* Since the last IPCC report, new authoritative research shows about half the temperature increase since 1980 reflects normal heating effects from urban areas. Also, the absence of any increase since 2001, and the fall of 0.6C between January 2007 and January 2008, raises further doubts about the claimed correlation between increases in temperatures and CO2 emissions.
* Indeed, scientific analysis acknowledged in successive IPCC reports shows that incremental warming effects from increased CO2 concentration in the atmosphere diminish progressively with concentration. So, why did the IPCC fail also to acknowledge that this analysis suggests even a doubling of CO2 concentrations in the 21st century would increase temperatures during the rest of the century by only 0.3C?
* Scientific analysis of IPCC modelling used to project temperature increases is seriously deficient in taking proper account of the strong increase in surface evaporation occurring when surface temperatures rise. That surface evaporation includes an offsetting process that acts to limit such temperature rises. Why did the IPCC fail to recognise that larger CO2 concentrations will result in much smaller surface temperature rises than the models produce?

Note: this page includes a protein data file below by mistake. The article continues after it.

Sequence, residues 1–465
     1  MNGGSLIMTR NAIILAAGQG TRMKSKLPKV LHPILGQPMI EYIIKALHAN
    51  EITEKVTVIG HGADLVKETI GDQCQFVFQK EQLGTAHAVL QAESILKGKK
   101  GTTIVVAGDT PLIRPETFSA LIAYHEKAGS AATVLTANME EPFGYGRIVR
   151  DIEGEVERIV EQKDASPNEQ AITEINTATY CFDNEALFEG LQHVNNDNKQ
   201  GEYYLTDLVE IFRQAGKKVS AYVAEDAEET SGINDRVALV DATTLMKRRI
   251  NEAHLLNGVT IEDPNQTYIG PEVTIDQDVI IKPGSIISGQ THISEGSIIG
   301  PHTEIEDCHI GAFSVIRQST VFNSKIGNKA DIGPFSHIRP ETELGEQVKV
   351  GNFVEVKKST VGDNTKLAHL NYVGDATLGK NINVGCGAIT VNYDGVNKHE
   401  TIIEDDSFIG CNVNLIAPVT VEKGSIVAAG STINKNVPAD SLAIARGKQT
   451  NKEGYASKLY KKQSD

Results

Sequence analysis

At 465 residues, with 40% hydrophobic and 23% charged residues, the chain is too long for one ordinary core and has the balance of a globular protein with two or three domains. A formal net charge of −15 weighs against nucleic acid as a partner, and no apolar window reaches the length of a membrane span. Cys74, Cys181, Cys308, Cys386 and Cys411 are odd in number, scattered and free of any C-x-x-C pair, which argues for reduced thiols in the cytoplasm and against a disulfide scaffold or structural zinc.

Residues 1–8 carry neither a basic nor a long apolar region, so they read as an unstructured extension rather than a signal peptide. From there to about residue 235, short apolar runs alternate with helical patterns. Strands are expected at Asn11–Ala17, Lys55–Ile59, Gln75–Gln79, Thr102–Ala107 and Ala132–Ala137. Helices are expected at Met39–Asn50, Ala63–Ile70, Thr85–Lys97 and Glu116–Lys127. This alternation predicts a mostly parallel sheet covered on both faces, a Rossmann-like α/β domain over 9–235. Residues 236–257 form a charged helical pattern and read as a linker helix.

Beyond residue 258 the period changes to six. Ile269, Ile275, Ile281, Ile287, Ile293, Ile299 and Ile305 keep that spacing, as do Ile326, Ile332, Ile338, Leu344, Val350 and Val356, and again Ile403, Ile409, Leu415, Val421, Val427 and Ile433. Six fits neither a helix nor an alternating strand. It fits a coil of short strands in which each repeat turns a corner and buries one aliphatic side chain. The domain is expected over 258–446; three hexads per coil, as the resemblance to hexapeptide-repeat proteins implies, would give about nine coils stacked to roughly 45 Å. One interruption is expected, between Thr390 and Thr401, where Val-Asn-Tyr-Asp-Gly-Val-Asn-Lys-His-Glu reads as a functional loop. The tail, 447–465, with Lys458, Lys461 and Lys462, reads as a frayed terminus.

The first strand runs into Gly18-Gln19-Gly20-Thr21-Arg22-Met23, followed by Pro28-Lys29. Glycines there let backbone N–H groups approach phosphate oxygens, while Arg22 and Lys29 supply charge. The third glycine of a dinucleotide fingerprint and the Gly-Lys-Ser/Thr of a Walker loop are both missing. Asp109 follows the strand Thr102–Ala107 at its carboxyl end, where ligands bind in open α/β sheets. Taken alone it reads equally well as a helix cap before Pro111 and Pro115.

* If there are substantive qualifications to IPCC views, the need for governments to intervene to limit CO2 emissions is much diminished or disappears. Humans readily adapt themselves to different climates (as they do now) and for the present it would be best to rely on adaptation.
* Any adoption of an emissions reduction policy by Australia should be in the context of an effective, comprehensive global agreement. The summit should call for a detailed public inquiry on both the science and economics of global warming, such inquiry to include experts not directly involved in the IPCC reports.